for honey (SNI 01-3545-2004), ie less than 22%. According to Gojmerac (1983) [19] and Nanda et al. (2003) [17], the water content of honey is affected by moisture of the surrounding air, the climate and the season. There is a tendency that the higher the concentration paliasa in feed, the more viscous the HEP. The viscosity of honey depends on the composition of honey, especially the water content. In addition, the viscosity is also influenced by temperature. When the honey temperature increase, honey viscosity will decrease. Chemical characteristics of honey essence of paliasa The chemical compunds of HEP to be tested were polyphenols, flavonoids, and alkaloids. Flavonoids are a group of polyphenolic compounds found in most plants, including found in leaves. According to Raflizar et al. (2006) [1], paliasa leaves contain saponins, cardenolin, bufadienol and anthraquinone, while Philippine Medicinal Plants (2010) [2] mentioned that chemical compounds of paliasa leaves were scopoletin, keampferol, and quercetin which are flavonoid compounds. Taebe (2004) [20] stated that paliasa leaves contained group of alkaloids and flavonoids compounds. The qualitative analysis of phenolic and flavonoid compounds using chemical reagents indicated that HEP(A) gave only positive results for alkaloids, whereas HEP(B), (C), and (D) gave positive results for polyphenols, flavonoids, and alkaloids. TLC chromatogram under UV light 366 nm (Figure 3a) showed the presence of a glowing blue spot for HEP (B), (C), and (D) samples. Flavonoid compounds when observed under 366 nm UV light will result in a dark spot or fluoresce yellowish, greenish, or bluish spots depend on the structure and the types of flavonoids. Observations of chromatogram using spray reagent AlCl3 (Figure 3b) showed a yellow spot for HEP(B), (C), and (D). The yellow color was formed by AlCl3 which binds to the flavonoids in the ortho-hydroxyl group or in the hydroxyl group which bonds to the carbonyl group (Markham, 1982) [21].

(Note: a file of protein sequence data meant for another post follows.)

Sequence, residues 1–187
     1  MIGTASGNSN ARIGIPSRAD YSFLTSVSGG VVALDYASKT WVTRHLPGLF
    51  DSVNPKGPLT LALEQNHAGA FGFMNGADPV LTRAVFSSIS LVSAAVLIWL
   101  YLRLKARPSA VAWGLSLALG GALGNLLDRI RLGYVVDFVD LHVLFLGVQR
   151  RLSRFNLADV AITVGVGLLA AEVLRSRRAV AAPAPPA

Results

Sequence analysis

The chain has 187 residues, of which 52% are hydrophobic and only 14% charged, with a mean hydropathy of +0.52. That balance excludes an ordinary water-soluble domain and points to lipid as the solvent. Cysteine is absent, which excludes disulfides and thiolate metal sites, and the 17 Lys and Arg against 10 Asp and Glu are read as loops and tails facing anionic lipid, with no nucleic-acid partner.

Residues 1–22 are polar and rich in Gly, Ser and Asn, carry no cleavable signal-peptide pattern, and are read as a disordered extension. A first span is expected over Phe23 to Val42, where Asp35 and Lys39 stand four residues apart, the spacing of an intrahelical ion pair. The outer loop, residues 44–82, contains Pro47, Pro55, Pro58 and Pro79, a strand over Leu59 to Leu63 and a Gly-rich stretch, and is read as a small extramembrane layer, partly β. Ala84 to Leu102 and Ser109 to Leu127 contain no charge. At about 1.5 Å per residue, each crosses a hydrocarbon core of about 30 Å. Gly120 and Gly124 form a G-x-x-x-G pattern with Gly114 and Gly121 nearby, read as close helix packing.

Naturally, color, aroma and taste of honey are determined by the source where the honey is obtained. Table 1 showed that HEP had different color, aroma, and taste. HEP color varied from yellow on the HEP (A) to blackish red on the HEP (D). This color variation depends on the composition of the dye contained in the honey. Dyes that make up the color of honey include xantopil, carotene and chlorophyl (Sarwono, 2001) [15]. HEP (A) (without paliasa) had a yellow color, sweet taste with aromas of honey in general, while the HEP produced by bees fed with paliasa supplementary feed had yellowish red to blackish red color, sour sweet taste and aroma of paliasa leaf decoction. Differences in color, aroma and taste of the HEP were influenced by the concentration of the paliasa supplementary feed. This is consistent with that shown in Figure 2, there was a tendency that the higher the concentration of the paliasa supplementary feed given, the darker the color of the HEP. Table 1 also showed that the higher concentration of the paliasa supplementary feed, the closer the aroma of HEP to the aroma of paliasa leaves. Thus, there was a close relationship between the color and the aroma of HEP, the darker the color of HEP, the closer the aroma of HEP to the aroma of paliasa leaves. This fact is consistent with the statement of Sumoprastowo and Suprapto (1993) [16], which says that the honey aroma closely associated with color. The darker the color of honey, the harder or sharper the aroma.